For a couple interested in two children, we simply calculate (a + b)(a + b) = 1, or (a + b) 2 = 1. Expanding this gives: a 2 + 2ab + b 2 = 1. Probability of two boys: a 2 = () 2 = Probability of one boy, one girl: 2ab = 2()() = 2/4 = Probability of two girls: b 2 = () 2 = Total: 1 Generally, the formula for binomial expansion is (a + b) n, where n equals the number of independent events.
(Your text, P-108, shows how to set up a simple table for determining the coefficients.) For example, if four children were planned, the expansion would appear thus: (a + b) 4 = a 4 + 4a 3 b + 6a 2 b 2 + 4ab 3 + b 4 This can be interpreted as indicating that there are 4 ways to get three boys and one girl, 4a 3 b (and, likewise, to get one boy and 3 girls, 4ab 3 ), 6 ways to get 2 boys and 2 girls (6a 2 b 2 ), etc.
- The terms in this binomial expansion show directly that the probability of 4 boys is: a 4 = (1/2) 4 = 1/16 Similarly, the probability of 3 boys and 1 girl is: 4a 3 b = 4(1/2) 3 (1/2) = 4/16 1.
- Complete the rest of the combinations to be sure you understand this.2.
- Lets return to the couple interested in five children.
Use binomial expansion to calculate the probability of having five boys; four boys and one girl; and all the other combinations. Complete your work on the back of the Probability Worksheet and hand this in before you leave lab. Part III: Chi Square One problem with tests of probability is that they rarely come out perfectly.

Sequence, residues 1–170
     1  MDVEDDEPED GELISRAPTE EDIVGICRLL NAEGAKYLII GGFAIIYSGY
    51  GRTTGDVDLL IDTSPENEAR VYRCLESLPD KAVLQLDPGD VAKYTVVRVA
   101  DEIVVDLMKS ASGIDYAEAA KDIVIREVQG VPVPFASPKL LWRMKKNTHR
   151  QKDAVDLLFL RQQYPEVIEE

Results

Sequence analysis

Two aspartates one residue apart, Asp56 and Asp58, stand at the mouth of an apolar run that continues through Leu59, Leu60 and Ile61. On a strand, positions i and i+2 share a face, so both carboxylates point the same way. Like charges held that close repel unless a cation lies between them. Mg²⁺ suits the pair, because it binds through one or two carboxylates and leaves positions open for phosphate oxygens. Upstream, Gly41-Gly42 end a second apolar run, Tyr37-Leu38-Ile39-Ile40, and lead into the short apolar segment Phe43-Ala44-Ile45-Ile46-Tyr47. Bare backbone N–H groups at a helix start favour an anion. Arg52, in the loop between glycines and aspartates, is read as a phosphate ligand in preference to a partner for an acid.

For example, you may have expected the Q allele to end up in the successful sperm 15 times out of 30 trials (Table 1.1). (In other words, your hypothesis was that Q segregates randomly.) But how would you interpret an observed experimental result that indicates 13 times, not 15? Was the coin you flipped not a fair coin (or was the meiotic segregation not random) or was the deviation simply within the scope of chance deviation? Chi square analysis allows us to answer these and similar questions.
In the segregation results you recorded in Table 1.1, there were only two outcome classes, Q and q. Lets assume that you observed 13 Q and 17 q segregating into successful sperm. To calculate chi square, use the equation: (observed value expected value) 2 c 2 = expected value This equation sums () the square of the differences between observed and expected and divides by expected.
The expected, or predicted, numbers for this case of 50 percent probability with 30 trials are 30(.50) = 15 Q and 30(.50) = 15 q. Construct a table of these values: Observed Expected (O-E) (O-E) 2 (O-E) 2 /E 13 15 -2 4 0.266 17 15 2 4 0.266 Total 30 30 0 0.532 = c 2 Generally speaking, when the difference between the expected and observed outcomes is small, c 2 is small, and when the difference is large, c 2 is large.
For c 2 to be truly meaningful, however, we must compare it against a table of probabilities, such as the one shown below. This table shows the probabilities that a particular value of c 2 is due only to chance variation (and not, in our example, to an unfair coin or nonrandom segregation).
To interpret our value of c 2, we must know the degrees of freedom (df) for the experiment. In our example, if Q resulted, then q could not, and vice versa. Thus, there was only one degree of freedom, which is defined as one less than the total number of outcome classes. From the table, we can see that 0.532 and df = 1 falls between 0.455 and 1.642, which correspond to probabilities of 0.50 and 0.20, respectively.
In other words, if we were to repeat this same experiment many times (or observe many instances of meiotic segregations), we would expect this much difference between observed and expected values between 20 and 50 percent of the time due to chance deviation alone.
|Chi Square Probability Values Reject Reject|